William George Rushton (1937-1996) One of the architects of the 1960s satire boom, Willie Rushton co-founded the magazine Private Eye, producing its first cartoons and its layout from his mother’s home in Kensington. He achieved fame as part of the 1962 BBC series, That Was the Week That Was, alongside the likes of David Frost and as a regular panelist on the BBC Radio 4 game show, I’m Sorry I Haven’t a Clue, from 1974 until his death. He was the author and illustrator of a number of bestselling books, such as How to Play Football: The Art of Dirty Play and Pigsticking: A Joy for Life.
Willie Rushton was born in Chelsea, London, on 18 August 1937. He attended Shrewsbury School from 1950, where he met his future Private Eye colleagues Richard Ingrams and Christopher Booker. A talented cartoonist from a young age, he produced cartoons for the school’s official magazine The Salopian and its satirical counterpart, The Wallopian, which he produced with Ingrams and Booker.
Failure to achieve a Latin O-Level prevented Rushton from joining his friends at Oxford University, and instead he served his two years of national service, returning to civilian life as a solicitor’s clerk in 1959. During this time he regularly sent cartoons to Punch, none of which were accepted. After quitting his job as a clerk, he worked at the Liberal News, producing the weekly strip, ‘Brimstone Belchers’, between June 1960 and March 1961, and a weekly political cartoon until 1962. The first issue of Private Eye was published on 25 October 1961, with Rushton producing all the illustrations.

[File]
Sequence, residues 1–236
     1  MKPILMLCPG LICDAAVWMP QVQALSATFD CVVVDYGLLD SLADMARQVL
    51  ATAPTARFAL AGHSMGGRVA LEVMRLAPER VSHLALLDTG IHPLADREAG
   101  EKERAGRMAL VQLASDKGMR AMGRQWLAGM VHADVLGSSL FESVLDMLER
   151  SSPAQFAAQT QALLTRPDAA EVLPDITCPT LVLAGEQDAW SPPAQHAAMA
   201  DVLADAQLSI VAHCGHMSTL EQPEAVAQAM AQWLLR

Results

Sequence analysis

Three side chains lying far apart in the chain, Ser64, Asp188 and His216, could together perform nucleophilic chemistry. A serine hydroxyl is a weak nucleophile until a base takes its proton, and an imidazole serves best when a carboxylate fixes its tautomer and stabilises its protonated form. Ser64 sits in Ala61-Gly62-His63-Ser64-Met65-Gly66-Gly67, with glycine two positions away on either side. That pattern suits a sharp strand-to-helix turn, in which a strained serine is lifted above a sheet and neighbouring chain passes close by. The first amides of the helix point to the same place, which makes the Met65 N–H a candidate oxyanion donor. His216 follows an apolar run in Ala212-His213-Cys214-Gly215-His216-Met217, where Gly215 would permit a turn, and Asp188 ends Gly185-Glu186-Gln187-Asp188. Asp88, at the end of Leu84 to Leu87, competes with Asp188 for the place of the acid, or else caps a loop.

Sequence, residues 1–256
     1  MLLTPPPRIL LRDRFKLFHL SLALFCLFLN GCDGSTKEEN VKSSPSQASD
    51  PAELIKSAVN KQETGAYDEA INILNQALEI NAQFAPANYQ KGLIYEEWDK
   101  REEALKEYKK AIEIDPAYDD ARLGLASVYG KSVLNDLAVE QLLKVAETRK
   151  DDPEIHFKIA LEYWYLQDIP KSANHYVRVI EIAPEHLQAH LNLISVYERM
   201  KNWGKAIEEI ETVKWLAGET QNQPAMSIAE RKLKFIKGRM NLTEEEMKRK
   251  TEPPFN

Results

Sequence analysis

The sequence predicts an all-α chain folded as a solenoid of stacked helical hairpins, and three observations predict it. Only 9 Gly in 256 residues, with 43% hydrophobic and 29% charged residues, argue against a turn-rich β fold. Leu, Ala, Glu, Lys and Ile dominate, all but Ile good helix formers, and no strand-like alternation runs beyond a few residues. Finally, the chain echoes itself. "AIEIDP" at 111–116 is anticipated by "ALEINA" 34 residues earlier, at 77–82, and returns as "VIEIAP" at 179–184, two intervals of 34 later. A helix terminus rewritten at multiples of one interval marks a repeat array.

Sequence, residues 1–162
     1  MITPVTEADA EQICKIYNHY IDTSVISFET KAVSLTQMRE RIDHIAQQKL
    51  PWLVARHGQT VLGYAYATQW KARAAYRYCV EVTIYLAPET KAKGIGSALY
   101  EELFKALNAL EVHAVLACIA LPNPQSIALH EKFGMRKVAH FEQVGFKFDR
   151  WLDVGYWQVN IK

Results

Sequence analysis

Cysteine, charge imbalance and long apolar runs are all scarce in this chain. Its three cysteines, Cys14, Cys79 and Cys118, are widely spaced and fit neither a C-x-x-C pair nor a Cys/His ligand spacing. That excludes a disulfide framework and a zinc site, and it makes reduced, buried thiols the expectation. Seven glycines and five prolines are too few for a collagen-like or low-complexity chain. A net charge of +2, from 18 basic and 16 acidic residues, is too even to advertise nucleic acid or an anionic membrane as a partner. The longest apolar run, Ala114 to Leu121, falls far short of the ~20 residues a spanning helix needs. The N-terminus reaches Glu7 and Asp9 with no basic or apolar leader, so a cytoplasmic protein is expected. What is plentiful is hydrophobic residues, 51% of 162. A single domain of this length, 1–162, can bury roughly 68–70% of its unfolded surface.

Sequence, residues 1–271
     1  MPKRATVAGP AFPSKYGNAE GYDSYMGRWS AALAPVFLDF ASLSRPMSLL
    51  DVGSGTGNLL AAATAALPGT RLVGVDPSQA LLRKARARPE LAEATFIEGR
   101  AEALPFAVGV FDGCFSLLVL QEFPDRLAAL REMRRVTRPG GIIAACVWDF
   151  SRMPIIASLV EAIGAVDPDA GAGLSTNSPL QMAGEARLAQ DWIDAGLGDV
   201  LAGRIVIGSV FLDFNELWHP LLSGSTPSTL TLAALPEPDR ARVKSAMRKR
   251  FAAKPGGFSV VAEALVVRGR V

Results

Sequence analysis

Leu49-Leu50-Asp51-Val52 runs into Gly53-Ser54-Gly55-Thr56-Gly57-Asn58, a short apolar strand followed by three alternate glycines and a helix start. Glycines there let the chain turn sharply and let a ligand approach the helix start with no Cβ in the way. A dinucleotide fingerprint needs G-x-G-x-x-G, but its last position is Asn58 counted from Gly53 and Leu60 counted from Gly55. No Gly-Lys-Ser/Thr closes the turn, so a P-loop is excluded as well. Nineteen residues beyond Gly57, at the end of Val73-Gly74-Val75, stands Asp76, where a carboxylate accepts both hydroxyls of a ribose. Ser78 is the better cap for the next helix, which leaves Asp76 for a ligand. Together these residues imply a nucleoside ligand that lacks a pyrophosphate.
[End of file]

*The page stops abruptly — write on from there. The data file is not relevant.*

Willie Rushton’s reunion with his friends from Shrewsbury also reignited his taste for acting. He had accompanied them in a well-received revue at the Edinburgh Fringe, and made his stage debut in Spike Milligan’s The Bed-Sitting Room in 1961. A cabaret appearance in an Ilford nightclub brought Rushton to the attention of a BBC producer and, from November 1962 to December 1963, he appeared in the BBC programme That Was the Week That Was, which drew in audiences of up to 13 million, making stars of its cast. Rushton continued to work regularly on television, appearing in Not Only… But Also with Peter Cook and Dudley Moore and episodes of popular series such as Up Pompeii! and The Persuaders! For 22 years, he was also a regular panelist on the BBC Radio 4 show, I’m Sorry I Haven’t a Clue, appearing in 27 series. In 1990, he teamed up with fellow-panelist, Barry Cryer, in their own show, Two Old Farts in the Night, performing to full audiences at the Edinburgh Festival, Royal Albert Hall and Royal Festival Hall.
Having not been involved in Private Eye since the later years of the 1960s, Willie Rushton returned in 1978 to illustrate ‘Auberon Waugh’s Diary’. When Waugh moved to the Daily Telegraph in the mid-80s, Rushton followed. In 1985, the Victoria and Albert Museum recognised his achievements and commissioned 24 large colour illustrations that were collected as ‘Willie Rushton’s Great Moments of History’. When Waugh became editor of the Literary Review in the late 1980s, Rushton provided the monthly coloured covers, while at the same time producing fortnightly caricatures for Private Eye’s literary review page. He contributed a regular contents-page illustration to the Independent Magazine, and from 1993 to 1996 drew cartoons for Channel 4’s television series Rory Bremner… Who Else?. A passionate cricket fan, Rushton received coaching at Lord’s as a boy, and was a regular team captain on BBC Radio 4’s quiz show, Trivia Test Match, running from 1986 to 1993. He also played for the Lord’s Taverners, a charity celebrity cricket team.
He died from complications after heart surgery at Cromwell Hospital, Kensington on 11 December 1996, aged 59.